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The State of Acid Free Papercrafting

When I was first introduced to modern scrapbooking, it was through Creative Memories. Through attending a few of their parties, I certainly learned a lot about the importance of good materials and why using their quality albums was far better than sticking my photos onto printer paper with rubber cement and using a ball point pen for journaling.

The years rolled by and new products went onto the market. I found myself being less concerned by, but still aware of, the various archival terms and what they meant. A few weeks ago I got to thinking about acid free scrapbooking products. Today I’m sharing my thoughts, findings, some general information and food for thought on the subject.

What does “acid free” mean? And what is “lignin”?

Paper is made from wood, which is acidic. Lignin is a chemical within the paper that causes yellowing and general yuckiness. There are processes which can make the paper ‘acid free’, and that process involves neutralizing or eliminating lignin. Therefore, the two go together. (For more on the topic, I really like THIS ARTICLE that explains what acid free paper really means, and why it’s important.)

Are my scrapbook supplies acid free?

I have long assumed that any scrapbook paper is acid free – but I could be wrong, and so I am checking paper before I buy it now. When I looked through my papers and stickers, I noticed that a lot of them did not specify acid/lignin free. I wondered if this meant some companies just aren’t putting that notation of acid free anymore, or if companies had lowered quality standards and I never noticed?

To find out, I contacted five of my favorite manufacturers: Tim Holtz, Studio Calico, American Crafts, Sassafras, and Pink Paislee and asked them. “Are your stickers and papers acid free?” I was happy to hear from all of them that indeed they are using acid/lignin free product for their stickers and papers despite not always labeling their products as acid free. This does not mean that all paper and stickers from any scrapbook manufacturer are made with acid free materials, but it is an indicator that companies may not think it is important to label their products as acid free even if they are. I recommend checking product labels, and looking up information on company websites if it’s not listed.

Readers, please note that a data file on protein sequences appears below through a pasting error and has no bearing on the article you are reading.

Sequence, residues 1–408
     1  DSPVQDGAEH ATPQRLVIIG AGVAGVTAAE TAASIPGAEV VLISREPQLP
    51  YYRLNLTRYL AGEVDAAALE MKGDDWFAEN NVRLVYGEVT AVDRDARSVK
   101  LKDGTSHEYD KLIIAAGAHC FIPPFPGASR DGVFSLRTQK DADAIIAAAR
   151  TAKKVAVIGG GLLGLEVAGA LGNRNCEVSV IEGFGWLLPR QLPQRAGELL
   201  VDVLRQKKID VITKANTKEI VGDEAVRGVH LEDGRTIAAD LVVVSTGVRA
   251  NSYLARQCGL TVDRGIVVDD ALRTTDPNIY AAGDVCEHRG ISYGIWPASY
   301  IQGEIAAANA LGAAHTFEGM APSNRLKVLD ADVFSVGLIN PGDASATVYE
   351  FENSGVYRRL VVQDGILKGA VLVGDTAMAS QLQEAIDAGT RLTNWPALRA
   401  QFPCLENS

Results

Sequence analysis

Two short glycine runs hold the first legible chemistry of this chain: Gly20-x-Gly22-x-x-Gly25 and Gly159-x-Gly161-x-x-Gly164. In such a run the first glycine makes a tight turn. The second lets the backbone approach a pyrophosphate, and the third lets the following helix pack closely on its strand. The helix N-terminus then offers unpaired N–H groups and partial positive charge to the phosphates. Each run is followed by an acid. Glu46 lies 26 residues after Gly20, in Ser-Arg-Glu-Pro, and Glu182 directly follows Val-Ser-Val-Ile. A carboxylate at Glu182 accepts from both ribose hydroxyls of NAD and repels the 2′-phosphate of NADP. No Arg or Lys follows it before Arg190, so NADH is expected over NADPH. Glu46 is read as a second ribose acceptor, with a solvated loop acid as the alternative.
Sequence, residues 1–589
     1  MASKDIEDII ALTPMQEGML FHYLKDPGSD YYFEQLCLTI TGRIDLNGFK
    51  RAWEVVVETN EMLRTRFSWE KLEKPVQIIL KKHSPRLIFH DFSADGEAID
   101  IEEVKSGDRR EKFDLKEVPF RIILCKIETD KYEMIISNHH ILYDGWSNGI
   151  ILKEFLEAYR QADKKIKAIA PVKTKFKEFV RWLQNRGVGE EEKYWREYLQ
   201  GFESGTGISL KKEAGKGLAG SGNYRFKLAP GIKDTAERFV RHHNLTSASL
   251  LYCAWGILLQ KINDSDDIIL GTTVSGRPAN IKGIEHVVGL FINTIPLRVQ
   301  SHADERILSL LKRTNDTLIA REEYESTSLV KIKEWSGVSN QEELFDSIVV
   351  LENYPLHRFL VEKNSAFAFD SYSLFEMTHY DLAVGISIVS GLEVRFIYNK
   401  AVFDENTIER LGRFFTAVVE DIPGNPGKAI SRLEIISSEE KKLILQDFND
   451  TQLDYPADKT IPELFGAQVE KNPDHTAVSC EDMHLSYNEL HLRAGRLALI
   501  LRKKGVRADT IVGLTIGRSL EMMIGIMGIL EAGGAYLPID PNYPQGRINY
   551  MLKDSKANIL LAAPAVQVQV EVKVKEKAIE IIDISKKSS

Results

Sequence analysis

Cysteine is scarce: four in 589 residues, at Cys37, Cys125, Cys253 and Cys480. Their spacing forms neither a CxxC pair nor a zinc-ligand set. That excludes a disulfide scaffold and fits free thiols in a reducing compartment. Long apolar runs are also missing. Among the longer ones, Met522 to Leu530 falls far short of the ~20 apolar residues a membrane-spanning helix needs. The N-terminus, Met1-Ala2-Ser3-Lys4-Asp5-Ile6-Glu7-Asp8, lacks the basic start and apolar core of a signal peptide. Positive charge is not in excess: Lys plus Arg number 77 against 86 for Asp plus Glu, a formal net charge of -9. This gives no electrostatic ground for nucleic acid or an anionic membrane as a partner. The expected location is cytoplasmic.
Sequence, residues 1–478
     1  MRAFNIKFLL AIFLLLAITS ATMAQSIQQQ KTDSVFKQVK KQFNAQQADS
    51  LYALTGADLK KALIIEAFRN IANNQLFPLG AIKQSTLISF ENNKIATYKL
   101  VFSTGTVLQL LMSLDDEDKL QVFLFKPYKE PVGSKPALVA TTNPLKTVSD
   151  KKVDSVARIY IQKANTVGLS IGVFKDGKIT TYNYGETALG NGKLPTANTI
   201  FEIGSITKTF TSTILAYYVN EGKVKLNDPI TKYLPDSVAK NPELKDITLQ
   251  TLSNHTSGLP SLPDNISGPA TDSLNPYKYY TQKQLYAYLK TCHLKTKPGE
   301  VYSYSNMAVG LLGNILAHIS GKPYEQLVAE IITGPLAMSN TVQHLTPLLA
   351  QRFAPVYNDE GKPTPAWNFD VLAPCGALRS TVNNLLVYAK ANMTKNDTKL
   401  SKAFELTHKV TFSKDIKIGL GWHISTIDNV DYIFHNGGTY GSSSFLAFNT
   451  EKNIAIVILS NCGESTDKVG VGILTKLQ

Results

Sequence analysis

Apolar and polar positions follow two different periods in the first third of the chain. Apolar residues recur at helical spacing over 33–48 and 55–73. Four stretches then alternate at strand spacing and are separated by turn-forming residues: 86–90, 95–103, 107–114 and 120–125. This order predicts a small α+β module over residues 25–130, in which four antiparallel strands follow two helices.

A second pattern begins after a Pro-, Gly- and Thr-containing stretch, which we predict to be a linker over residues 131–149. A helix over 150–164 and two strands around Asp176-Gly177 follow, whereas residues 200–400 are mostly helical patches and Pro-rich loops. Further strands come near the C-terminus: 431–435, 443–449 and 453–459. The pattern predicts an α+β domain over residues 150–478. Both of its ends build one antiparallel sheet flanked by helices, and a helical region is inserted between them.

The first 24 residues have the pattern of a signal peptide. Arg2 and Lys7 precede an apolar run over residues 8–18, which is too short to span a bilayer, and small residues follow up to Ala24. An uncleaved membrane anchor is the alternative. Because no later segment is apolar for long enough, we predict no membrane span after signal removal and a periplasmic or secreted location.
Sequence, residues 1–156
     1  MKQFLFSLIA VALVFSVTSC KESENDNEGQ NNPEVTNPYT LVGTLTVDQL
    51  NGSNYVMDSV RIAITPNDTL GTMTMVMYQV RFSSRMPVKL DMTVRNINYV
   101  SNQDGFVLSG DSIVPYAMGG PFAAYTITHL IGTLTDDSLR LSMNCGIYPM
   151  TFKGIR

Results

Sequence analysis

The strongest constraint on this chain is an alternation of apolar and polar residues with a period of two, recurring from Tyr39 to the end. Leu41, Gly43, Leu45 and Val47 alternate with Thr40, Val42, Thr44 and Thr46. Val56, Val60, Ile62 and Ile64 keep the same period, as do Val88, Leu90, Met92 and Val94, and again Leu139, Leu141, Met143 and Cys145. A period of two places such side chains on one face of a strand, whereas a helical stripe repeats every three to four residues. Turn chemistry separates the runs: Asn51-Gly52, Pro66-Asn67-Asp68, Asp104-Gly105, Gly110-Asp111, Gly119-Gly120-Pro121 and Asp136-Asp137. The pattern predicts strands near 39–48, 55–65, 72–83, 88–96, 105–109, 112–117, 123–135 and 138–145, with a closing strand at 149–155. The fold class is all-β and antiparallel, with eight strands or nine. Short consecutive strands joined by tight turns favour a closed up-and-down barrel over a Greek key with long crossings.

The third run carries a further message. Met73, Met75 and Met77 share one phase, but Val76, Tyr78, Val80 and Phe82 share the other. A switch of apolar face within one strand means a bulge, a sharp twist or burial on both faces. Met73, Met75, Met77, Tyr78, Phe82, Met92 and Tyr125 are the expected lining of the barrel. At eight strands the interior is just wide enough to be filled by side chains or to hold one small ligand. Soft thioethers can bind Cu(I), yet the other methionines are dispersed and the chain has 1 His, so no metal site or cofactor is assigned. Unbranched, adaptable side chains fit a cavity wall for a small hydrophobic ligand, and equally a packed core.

After my paper and sticker quest, I started looking at adhesives. A number of gluesticks and liquid adhesives are “non-toxic” but say nothing of archival qualities or being acid free. All the brands of tape runners or dry adhesives that I looked at did say both archival and acid free. It’s a good reminder to check that product packaging and know what you’re paying for.

So if it’s in a scrapbook store, is it safe?

Recently I encountered some concerned students in a class I taught when I told them the liquid medium they were using was not acid free. They had assumed because it was marketed to scrapbookers that it must be acid free. This is absolutely not true! First of all, there is no law stating that to sell a scrapbook supply it must be archivally safe. Secondly, many materials such as metals, inks, and fabrics aren’t paper based, so the term “acid free” really doesn’t apply to them.

The same goes for paints, inks, artist mediums, beads, and so much more. “Acid free” is not a term that is applicable to those products in determining their archival safety. So what is it – and is it safe? I think it depends on the material and what your expectations are. Some things simply aren’t meant to last for 100 years. Will it degrade over time? Most things will – it’s a matter of how much and if that is of concern for you.

So does acid free really matter?

I believe the answer is yes and no. You see, the acid free paper and stickers sold at my local craft store are packaged in plastic, transported in cardboard, handled by store employees and customers, and comes in contact with all kinds of things. In other words, I’m not expecting that the materials I use are perfectly acid free. Likewise, the surface that I work on, my own hands, and so many other environmental factors make what I’m doing imperfect from an archival perspective. Even so, the projects that I make with quality acid-free papers and adhesives, and archival printed photos and pens visibly hold up better even after a few years than those I did with products that aren’t. If I am working on a card or gift tag, or a home decor project that I only want to last for a year or two it doesn’t matter at all – but for something I hope will last for a decade or longer, then I am more mindful of my material selection. Ultimately, how much archival products matter is a personal choice that every crafter must make.

How archival are my scrapbooks then?